Looking to expand its presence in alternative platforms, the Academy of Television Arts & Sciences has created a position for a vice president of digital and named Maury McIntyre to the post.
McIntyre, who most recently served as programming and editorial veep at Disney Interactive, will oversee the TV Academy’s digital strategy on multiple platforms, including such websites as emmys.com and emmys.tv. Marketing and social media will be key, along with improving the online distribution of Academy-generated content.
“I think my main purview is to translate the Emmy brand and the Academy into the digital space,” McIntyre told Variety, “to really make sure we are maximizing our profile.”
McIntyre will also have a role in generating revenue: exploring, as he cited as an example, how the Academy can “maximize opportunities for our sponsors.”
At Disney Interactive, McIntyre oversaw content and development for more than 60 sites, helping deliver increased online traffic and engagement. He has also had senior leadership roles in brand marketing and franchise development at Tokyopop and Twentieth Century Fox.
“Maury has an amazing track record of success in the digital space and is the perfect executive to lead the Academy’s continued digital development and drive our Emmy and Academy brands through multiple platforms,” said Academy COO Alan Perris.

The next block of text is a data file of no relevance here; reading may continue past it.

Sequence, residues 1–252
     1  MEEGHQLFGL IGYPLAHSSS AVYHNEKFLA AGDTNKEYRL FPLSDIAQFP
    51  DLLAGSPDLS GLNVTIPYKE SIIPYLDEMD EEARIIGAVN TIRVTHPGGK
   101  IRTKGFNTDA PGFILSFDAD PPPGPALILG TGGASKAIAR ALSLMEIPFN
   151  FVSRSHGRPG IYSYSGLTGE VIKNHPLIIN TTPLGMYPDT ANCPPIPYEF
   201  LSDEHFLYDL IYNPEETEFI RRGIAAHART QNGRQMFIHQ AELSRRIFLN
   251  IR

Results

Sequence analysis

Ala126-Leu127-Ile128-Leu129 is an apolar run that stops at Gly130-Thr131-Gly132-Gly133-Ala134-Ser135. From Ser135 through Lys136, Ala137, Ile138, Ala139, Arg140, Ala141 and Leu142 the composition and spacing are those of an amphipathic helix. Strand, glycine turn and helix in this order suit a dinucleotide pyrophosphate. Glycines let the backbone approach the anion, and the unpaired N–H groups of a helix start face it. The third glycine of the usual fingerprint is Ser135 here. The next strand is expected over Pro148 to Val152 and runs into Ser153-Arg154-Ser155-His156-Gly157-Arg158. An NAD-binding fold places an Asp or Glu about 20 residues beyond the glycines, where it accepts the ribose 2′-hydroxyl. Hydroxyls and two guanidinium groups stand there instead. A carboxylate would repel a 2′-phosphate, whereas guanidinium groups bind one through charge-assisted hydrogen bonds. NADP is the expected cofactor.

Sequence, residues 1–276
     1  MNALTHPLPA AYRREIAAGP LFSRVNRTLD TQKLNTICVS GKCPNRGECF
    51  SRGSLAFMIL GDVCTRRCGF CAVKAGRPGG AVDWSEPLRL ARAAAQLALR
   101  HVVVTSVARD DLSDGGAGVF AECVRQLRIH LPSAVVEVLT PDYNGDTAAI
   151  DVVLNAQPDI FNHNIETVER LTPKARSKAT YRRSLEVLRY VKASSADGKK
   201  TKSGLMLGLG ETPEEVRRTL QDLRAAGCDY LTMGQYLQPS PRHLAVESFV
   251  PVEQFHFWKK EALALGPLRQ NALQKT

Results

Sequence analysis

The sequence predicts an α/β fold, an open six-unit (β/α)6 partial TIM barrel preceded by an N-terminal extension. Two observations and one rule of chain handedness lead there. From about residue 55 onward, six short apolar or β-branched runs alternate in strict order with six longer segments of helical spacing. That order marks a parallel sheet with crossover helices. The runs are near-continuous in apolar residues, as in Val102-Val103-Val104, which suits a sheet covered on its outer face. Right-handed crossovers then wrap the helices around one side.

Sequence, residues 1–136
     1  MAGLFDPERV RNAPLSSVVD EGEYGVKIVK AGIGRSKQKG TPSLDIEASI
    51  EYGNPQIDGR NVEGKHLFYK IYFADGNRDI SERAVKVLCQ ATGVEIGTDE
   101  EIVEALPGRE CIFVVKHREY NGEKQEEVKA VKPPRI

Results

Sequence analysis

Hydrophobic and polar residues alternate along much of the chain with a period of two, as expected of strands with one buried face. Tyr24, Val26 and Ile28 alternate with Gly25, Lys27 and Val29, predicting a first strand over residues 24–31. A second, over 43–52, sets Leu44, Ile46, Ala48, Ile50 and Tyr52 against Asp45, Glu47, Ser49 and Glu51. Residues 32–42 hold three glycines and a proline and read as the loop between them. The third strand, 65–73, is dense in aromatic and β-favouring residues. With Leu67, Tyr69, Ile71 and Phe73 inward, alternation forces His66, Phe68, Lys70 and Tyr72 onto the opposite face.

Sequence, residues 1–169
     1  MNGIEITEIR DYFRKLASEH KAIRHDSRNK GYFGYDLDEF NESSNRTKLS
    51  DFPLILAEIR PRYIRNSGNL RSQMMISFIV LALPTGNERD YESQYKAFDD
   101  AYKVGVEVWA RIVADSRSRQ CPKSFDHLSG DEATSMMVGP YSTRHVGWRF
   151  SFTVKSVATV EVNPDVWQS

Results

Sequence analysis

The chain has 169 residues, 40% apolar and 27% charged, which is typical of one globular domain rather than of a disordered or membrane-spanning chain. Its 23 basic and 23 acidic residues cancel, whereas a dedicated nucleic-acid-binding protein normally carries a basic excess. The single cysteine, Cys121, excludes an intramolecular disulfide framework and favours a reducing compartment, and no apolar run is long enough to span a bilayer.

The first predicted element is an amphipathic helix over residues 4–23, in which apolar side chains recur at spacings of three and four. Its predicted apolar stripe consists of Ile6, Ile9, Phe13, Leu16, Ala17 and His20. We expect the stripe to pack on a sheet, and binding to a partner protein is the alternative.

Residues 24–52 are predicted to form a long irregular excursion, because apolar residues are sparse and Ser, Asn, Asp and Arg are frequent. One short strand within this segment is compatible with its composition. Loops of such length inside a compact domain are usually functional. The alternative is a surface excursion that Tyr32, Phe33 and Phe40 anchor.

Though the Acad itself has honored interactive media for a decade and welcomed digital programming into the Primetime Emmys for half that period, this could be a particularly big year for the intersection of online content and the Academy, thanks to the entry of such programs as “House of Cards” and “Arrested Development.”
With more of its membership and non-member audience watching online programming each year and growing increasingly accustomed to that delivery system, it becomes increasingly important for the Academy to provide its own content online — from livestreams of events to archived historical interviews.
“I think this is just an evolution in the path that the Academy has been taking,” McIntyre said. “They’ve been kind of hard and heavy with the interactive space for the past 10 years.”
“We definitely have to take care of the basics, and then we can see where we want to go. There’s a lot of opportunity for content creation that we can be sharing with general public.”